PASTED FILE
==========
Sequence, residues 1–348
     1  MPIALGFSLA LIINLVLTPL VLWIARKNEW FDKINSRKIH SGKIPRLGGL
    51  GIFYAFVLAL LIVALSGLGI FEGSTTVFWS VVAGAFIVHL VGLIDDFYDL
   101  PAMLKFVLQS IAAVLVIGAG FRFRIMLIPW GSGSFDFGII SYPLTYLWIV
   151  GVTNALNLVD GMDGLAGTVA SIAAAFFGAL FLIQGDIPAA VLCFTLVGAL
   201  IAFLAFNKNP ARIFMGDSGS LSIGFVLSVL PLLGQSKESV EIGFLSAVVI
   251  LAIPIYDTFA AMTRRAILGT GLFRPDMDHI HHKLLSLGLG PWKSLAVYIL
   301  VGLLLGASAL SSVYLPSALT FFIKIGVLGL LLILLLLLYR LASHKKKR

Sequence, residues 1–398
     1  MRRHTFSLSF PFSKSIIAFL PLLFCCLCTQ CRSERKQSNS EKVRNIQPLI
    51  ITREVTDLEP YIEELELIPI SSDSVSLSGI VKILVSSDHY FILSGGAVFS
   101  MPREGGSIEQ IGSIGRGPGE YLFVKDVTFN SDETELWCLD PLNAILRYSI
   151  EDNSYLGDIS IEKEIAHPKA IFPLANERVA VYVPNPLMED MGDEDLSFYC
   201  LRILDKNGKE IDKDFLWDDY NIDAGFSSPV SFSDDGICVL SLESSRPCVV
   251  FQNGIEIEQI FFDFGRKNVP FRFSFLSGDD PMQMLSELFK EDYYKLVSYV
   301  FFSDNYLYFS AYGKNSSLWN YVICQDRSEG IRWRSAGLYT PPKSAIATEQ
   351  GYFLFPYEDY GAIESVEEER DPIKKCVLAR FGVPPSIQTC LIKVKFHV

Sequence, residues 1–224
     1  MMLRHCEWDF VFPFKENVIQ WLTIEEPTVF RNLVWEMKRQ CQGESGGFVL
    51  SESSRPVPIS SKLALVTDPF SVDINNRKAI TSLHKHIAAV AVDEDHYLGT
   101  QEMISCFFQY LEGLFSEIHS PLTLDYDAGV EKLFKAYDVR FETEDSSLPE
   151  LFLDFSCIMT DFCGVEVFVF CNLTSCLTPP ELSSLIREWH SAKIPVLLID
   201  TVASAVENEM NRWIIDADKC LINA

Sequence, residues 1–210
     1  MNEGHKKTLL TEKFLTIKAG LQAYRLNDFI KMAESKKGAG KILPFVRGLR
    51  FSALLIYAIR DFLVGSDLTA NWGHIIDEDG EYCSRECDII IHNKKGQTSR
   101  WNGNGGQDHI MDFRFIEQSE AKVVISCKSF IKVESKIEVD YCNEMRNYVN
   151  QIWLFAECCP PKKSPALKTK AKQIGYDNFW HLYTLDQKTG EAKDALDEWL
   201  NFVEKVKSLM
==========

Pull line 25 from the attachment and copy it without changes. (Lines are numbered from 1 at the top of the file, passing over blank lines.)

     1  MNEGHKKTLL TEKFLTIKAG LQAYRLNDFI KMAESKKGAG KILPFVRGLR